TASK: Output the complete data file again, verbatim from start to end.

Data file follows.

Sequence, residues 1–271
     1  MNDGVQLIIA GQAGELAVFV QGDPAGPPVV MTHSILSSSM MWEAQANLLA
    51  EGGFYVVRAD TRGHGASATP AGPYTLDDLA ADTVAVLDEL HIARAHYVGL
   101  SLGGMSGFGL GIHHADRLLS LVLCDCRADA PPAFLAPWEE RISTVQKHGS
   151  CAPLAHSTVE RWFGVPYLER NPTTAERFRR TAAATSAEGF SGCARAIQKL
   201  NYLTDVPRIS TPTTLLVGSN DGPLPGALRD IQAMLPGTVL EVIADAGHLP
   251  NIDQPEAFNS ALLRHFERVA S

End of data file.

Sequence, residues 1–271
     1  MNDGVQLIIA GQAGELAVFV QGDPAGPPVV MTHSILSSSM MWEAQANLLA
    51  EGGFYVVRAD TRGHGASATP AGPYTLDDLA ADTVAVLDEL HIARAHYVGL
   101  SLGGMSGFGL GIHHADRLLS LVLCDCRADA PPAFLAPWEE RISTVQKHGS
   151  CAPLAHSTVE RWFGVPYLER NPTTAERFRR TAAATSAEGF SGCARAIQKL
   201  NYLTDVPRIS TPTTLLVGSN DGPLPGALRD IQAMLPGTVL EVIADAGHLP
   251  NIDQPEAFNS ALLRHFERVA S